When we think about the negative aspects of smoking, and let’s face it there are many, we don’t generally consider how the habit affects our appearance. So in today’s post I’m going to take a closer at how smoking affects the way we look.
Smoking and the Face
The ravages of smoking on the face were first officially recognised in 1985. In this year a study was published in the British Medical Journal. The author of the article was able to recognise smokers, who had smoked for 10 years or more, solely on their facial appearance. The term ‘smoker’s face’ became part of the medical dictionary. The typical smoker’s appearance is caused by several mechanisms:
1. Cigarette smoking results in the constriction of blood vessels in the skin. This causes a reduction in the blood flow to the upper layers of the skin which in turn leads to a reduction in oxygen available to cells.
2. There are 4000 chemicals in tobacco smoke; many of these compounds have toxic affects on cells.
3. Smoking reduces collagen in the skin. Collagen is an integral component of healthy normal skin. Loss of collagen causes premature skin ageing and promotes wrinkle formation.
4. Constantly drawing on a cigarette aids with the formation of ‘pucker lines’ around the lips and especially on the upper lip. Squinting to prevent smoke from getting in the smoker’s eyes also helps in the production of ‘crow’s feet’.
This assault caused, directly and indirectly, by smoking results in a characteristic smoker’s face. Smoker’s often have a slightly grey, pigmented facial appearance. Some features are subtle but noticeable all the same. For instance, a slight gauntness may be present revealing underlying bony contours. The wrinkles produced however are not subtle. They are the most striking aspect of the smoker’s face. They can be shallow or deep but generally numerous and radiating at right angles from the lips and corners of the eyes. The well advance smoker’s face can be described as leathery or rugged.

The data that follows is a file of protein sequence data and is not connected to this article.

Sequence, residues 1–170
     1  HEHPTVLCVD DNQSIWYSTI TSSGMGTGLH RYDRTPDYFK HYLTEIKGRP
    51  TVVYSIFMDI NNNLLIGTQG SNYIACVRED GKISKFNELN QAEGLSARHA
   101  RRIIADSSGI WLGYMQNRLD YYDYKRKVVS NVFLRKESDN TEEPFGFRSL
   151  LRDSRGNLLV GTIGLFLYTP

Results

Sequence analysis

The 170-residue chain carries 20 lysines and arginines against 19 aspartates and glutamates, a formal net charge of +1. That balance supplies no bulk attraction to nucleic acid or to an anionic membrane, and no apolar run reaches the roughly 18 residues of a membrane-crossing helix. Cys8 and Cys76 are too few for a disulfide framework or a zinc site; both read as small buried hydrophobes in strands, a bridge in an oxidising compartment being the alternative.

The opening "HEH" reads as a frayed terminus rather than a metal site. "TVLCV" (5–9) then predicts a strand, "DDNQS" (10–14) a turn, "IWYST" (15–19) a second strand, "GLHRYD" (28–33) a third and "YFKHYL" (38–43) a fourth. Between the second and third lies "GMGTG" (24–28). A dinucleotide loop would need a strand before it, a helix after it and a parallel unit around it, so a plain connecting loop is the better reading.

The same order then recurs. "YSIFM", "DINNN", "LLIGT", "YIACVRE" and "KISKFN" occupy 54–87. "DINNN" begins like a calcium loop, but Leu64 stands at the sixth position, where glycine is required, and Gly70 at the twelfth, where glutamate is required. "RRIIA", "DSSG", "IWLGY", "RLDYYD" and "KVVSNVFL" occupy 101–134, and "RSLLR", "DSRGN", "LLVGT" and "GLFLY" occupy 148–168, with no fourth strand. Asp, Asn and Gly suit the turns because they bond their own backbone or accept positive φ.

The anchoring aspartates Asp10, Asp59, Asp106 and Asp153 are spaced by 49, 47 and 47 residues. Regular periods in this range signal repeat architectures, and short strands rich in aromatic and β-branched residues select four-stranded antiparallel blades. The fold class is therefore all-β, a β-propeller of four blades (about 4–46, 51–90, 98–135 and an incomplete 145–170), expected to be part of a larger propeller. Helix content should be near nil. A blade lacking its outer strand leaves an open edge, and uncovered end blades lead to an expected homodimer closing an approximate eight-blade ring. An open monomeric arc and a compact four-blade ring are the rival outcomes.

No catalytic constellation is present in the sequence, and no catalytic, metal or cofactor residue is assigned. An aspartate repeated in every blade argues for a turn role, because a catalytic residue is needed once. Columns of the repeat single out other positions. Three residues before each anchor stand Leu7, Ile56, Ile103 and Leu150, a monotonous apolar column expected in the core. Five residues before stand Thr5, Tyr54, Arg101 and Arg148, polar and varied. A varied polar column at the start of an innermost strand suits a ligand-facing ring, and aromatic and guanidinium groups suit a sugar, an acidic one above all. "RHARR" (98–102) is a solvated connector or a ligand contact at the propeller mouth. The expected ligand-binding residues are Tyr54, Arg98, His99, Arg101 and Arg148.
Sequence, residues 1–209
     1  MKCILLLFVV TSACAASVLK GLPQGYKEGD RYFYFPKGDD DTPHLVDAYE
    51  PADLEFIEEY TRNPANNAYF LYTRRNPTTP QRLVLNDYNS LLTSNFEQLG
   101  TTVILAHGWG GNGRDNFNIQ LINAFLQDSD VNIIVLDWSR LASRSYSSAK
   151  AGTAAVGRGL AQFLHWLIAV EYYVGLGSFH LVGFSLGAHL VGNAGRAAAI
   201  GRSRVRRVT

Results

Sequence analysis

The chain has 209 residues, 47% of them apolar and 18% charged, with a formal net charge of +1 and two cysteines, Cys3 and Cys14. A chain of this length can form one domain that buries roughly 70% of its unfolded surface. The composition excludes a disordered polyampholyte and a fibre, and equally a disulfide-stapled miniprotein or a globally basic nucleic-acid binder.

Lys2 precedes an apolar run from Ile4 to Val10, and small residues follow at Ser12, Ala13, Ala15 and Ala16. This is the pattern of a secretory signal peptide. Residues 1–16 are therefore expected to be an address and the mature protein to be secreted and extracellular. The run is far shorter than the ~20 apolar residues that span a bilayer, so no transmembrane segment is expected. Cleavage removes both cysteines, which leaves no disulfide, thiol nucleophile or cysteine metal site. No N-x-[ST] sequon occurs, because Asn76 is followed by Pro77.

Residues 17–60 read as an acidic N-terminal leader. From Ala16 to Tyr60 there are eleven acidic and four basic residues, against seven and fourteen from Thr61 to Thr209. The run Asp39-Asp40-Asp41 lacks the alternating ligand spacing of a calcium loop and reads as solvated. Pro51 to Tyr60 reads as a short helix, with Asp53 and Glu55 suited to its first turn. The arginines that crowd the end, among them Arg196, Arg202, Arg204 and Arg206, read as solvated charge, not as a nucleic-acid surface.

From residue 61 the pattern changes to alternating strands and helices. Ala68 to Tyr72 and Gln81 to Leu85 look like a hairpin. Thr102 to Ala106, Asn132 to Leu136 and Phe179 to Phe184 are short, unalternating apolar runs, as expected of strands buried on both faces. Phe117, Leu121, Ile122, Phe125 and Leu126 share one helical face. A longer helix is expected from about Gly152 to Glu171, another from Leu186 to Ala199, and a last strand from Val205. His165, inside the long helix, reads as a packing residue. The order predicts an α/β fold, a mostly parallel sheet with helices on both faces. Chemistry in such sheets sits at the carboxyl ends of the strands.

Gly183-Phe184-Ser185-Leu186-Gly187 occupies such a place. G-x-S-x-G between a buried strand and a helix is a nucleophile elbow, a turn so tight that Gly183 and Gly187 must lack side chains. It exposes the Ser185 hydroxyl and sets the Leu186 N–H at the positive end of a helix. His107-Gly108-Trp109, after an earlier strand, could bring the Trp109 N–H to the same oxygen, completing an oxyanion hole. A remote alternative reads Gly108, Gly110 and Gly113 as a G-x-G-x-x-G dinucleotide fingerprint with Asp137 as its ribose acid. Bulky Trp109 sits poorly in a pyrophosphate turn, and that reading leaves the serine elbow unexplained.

Smoking doesn’t enhance your dental ware either. Smokers have a tendency to develop brown or yellow stained teeth due to tobacco smoke deposition. Smokers are more likely than non-smokers to develop rotting teeth. Dentistry, cosmetic or otherwise, is never cheap. So unless you are a super model or a rich celeb you may wish to consider quitting, unless you want to sport a brown, snaggle toothed smile.
Smoking has been shown to influence endocrine glands. These glands secrete hormones which have a bearing on body shape. Smokers usually associate their habit with thinness however, smoking also morphs the underlying body shape; smokers tend towards being pot bellied with thin legs. It is thought that the toxins in tobacco alter hormone levels causing an abnormal distribution of fat.
This post should appeal to our vanity. No one wants to knowingly engage in an activity that alters our appearance in a negative way. Smoking has many adverse effects on the way we look. If smoking changes our outside in such a profound way, what is it doing to our insides?